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Relative from tweens do not calculate transform correctly when elements display:none

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(Topic could be misleading, this only refers to elements that are initially display: none)


I'm using display none to reduce CPU usage on a complicated scene for elements that are no longer in the scene rather than using visibility.


However using display none breaks some of my from tweens that tween transform where the object has a default transform for example scale.


Here's an example




The red box has normal display

The green box has transform: scale(3) and normal display, on x tween the transform takes into account the scale(3)

The blue box has transform: scale(3) but his initially display none, it loses the initial transform scale(3) upon x transform

The yellow/orange box, to illustrate this is just a "from" issue, this box is initially display none but it retains the scale(3) upon x transform


Is this a bug or just behaviour I need to anticipate?

Hope that makes sense.



See the Pen by refuquy (@refuquy) on CodePen

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Hi Rob,

Thanks for putting together the demo, very helpful.


The core issue here is that browsers (especially Chrome) will not report transform values (correctly or at all) with display:none. 

Check out this pen from the folks at css-tricks that illustrates how to read transform values:


http://codepen.io/chriscoyier/pen/raLWpe?editors=001 ( open the console)


You will notice that it reports the matrix, scale and rotate values.


now add: display:none to the css of div


div {
  -webkit-transform: rotate(30deg) scale(1.2) skew(10deg) translate(5px, 5px);
  -moz-transform:    rotate(30deg) scale(1.2) skew(10deg) translate(5px, 5px); 
  -ms-transform:     rotate(30deg) scale(1.2) skew(10deg) translate(5px, 5px); 
  -o-transform:      rotate(30deg) scale(1.2) skew(10deg) translate(5px, 5px);  

you will notice that it no longer works and it will throw an error.


Unfortunately if the browser does not report this info, GSAP can not record or set those values for the starting values of from() tweens. 



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Elements that have display: none are not in the render tree, so things can get screwy. How many elements are you trying to hide? I doubt the performance difference is noticeable. In fact, it could be worse with display: none because it will causes a reflow when you want to display it.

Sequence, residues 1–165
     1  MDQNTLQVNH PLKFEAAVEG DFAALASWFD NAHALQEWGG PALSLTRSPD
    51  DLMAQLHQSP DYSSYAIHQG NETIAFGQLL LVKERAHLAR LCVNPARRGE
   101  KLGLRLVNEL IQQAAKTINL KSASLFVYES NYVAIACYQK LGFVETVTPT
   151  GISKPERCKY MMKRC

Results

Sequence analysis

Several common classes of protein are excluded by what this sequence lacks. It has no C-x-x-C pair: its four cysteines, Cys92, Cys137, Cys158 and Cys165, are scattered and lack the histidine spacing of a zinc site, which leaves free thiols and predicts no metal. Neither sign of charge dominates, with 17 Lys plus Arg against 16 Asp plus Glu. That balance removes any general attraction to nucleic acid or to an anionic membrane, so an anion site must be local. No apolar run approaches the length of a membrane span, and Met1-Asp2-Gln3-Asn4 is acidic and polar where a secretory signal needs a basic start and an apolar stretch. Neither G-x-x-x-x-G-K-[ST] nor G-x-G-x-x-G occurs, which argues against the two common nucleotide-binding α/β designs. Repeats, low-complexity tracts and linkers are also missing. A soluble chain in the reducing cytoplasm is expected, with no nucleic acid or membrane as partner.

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Hey guys thanks for your time,


My project is a 20 minute animated story with SVG.

The performance is definitely noticeable, I have > 1000 objects hidden at one time.

The story is split up into chapters and scenes.


I have a staging area which has display: none where chapters that are not playing are off screen and being display: none do not consume drawing calls in the browser. The individual objects naturally inherit this display property and are not drawn.

Without display none on hidden chapters, there's well over 1000 individual objects being drawn.

Chrome chews up ~250% CPU on my i7 Mac and heats it up well.
On mobile framerate suffers considerably on medium spec hardware.


I have delayed setting display:none on the staging area until after initialisation and all tweens have been configured and all is well, I have the performance benefits of only rendering the objects required and all the tweens were configured during initialization/loading.




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I was thinking like 20 elements. But 1000 elements in a 20 minute animation... yeah, that's pretty hardcore! I definitely would like to see that when you're done.

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